Why a short seller thinks $ 11 billion oats are more overvalued than beyond meat

When it comes to food stocks on a tear, it’s hard to find two better examples than the Swedish oat milk darling Oatly and the vegetable protein leader Beyond Meat. Both have captured significant market shares in new emerging corners of the food market and have thus achieved skyrocketing valuations.

But when you look at the stock charts, the similarities abruptly end. Oatly shares have climbed 15% since they started trading in June. Beyond stocks have been a roller coaster ride since their IPO in 2019, but their value has more than doubled in value. The short-term interest in both reflects this: just 1% of stocks are short, while Beyond is the most short-circuited in the food business, reaching nearly a third of stocks short earlier in 2021 and s. ‘now standing at 16%.

And now that a short seller, Spruce Point Capital, has gone public against Oatly, investors are wondering if Oatly is on the verge of a crash. Beyond Meat and Oatly are both overvalued, says Ben Axler, founder and chief investment officer of Spruce Point, but Oatly, with 2020 revenue of $ 420 million and a market cap of $ 11.6 billion, is the one that currently works to the extreme. Beyond has 2020 revenue of $ 406 million and a market capitalization of $ 8.2 billion.

“We think Oatly is worse than Beyond Meat,” says Axler, focusing on a much lower gross margin than advertised and the high cost of gaining market share.

“We think the company has obscured its true gross margin,” says Axler, explaining how Oatly puts outbound shipping charges in its SG&A instead of its cost of goods sold, which is the food industry standard. “If you normalize and reclassify these expenses, when you look at the cost of goods sold, you find that Oatly has about the lowest gross margin of any public food company. This is integral to our criticism that Oatly is as poorly planned as any public food company we could find. “

The suggested readjustment cuts Oatly’s gross margins by around 7 percentage points in 2020: 23.7% from the 30.1% reported.

Axler is also highlighting a growing number of promotions and discounts it is offering to grocers, including free shipping, discounts on extra pints of ice cream, and discounts on newly launched yogurts for as low as $ 1.50 each. “The story of growth is a bit broken,” says Axler. “The competition is not going to sit still. If you’re Chobani, you’re trying to thwart Oatly’s expansion plans. This is what we are seeing happening.

Axler is a former Credit Suisse investment banker who started Spruce Point in 2009 amid the global financial crisis, and quickly managed to bypass companies like Build-A-Bear. He expects Oatly’s prices to rise over time, which will put even more pressure on profit margins.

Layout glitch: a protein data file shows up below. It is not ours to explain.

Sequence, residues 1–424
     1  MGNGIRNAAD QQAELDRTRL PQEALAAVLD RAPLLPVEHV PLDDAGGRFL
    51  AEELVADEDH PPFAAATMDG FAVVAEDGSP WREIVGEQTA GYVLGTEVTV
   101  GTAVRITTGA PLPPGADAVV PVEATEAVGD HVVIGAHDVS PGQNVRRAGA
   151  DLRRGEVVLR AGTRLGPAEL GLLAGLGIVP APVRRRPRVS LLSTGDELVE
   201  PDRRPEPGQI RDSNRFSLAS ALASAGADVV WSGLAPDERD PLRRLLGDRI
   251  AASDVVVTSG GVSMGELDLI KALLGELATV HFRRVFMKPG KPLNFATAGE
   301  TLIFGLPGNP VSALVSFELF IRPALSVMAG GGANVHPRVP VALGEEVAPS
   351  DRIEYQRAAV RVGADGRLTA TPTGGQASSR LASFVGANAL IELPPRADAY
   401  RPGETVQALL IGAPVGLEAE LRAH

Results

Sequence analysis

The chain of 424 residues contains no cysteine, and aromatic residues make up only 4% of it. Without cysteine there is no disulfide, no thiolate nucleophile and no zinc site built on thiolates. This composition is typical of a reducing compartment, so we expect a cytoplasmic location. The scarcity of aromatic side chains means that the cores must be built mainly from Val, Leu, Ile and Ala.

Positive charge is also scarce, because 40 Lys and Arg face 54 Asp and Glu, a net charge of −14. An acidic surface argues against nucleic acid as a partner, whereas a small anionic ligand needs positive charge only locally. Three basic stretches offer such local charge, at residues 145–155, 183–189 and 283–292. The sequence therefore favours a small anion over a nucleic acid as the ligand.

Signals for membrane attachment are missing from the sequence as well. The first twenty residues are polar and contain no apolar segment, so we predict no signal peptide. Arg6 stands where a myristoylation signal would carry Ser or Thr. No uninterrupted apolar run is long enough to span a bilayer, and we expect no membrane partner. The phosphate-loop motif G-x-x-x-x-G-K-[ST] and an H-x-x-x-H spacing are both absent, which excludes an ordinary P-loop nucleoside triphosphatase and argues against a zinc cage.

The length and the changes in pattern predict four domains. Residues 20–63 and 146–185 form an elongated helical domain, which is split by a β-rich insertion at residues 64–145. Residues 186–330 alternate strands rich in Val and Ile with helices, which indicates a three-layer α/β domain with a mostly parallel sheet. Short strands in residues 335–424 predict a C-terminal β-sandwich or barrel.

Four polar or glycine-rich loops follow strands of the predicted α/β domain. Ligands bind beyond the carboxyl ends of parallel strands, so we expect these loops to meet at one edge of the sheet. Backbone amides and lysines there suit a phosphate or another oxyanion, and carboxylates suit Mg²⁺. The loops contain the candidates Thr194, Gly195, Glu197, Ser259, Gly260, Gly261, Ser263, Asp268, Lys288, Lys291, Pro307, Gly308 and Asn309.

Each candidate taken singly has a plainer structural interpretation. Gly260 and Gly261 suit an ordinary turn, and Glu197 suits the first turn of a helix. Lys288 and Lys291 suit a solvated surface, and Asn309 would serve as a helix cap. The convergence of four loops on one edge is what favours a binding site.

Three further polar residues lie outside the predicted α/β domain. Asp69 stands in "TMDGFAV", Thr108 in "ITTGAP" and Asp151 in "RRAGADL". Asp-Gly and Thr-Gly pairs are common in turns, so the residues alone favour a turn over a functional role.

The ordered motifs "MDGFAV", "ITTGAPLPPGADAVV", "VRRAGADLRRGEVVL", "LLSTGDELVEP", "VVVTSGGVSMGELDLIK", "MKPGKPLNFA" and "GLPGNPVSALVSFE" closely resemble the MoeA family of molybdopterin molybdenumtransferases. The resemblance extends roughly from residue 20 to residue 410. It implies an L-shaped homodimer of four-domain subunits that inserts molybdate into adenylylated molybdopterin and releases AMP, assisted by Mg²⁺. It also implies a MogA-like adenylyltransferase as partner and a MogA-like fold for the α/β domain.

Oatly’s response was muted. The company said it “is aware that a short seller is making false and misleading statements about the company. This short seller should benefit financially from a decline in Oatly’s stock price caused by these false reports.” Oatly rejects all of these false claims by the short seller and stands behind all financial activity and reporting. ”

Spruce Point has requested that an independent forensic accountant be engaged to prepare a public report. Following the Spruce Point investigation, at least five law firms announced that they had also opened investigations into Oatly, primarily for securities violations.

“We wanted to be one of the first to sell strongly and explain why,” Axler said. “Where do we go from here? Look, I think Oatly needs to show her bottom line, and there are clear signs that the results aren’t going to match her high-profit valuation.

By the numbers: Oatly vs Beyond Meat

2020 turnover: $ 420 million versus $ 406 million

Market capitalization: $ 11.6 billion versus $ 8.2 billion

Price / sales ratio: 28 times versus 20 times

Adjusted gross margin: 23.7% * against 28%

Percentage of shares short: 1% against 16%

MORE FORBESWild oats? Inside Spruce Point’s 124-page attack alleging mismanagement and misrepresentation at Oatly

This article originally appeared in Chloe Sorvino’s newsletter, Forbes Fresh Take, which deals with big ideas that are changing the future of food. Subscribe here.


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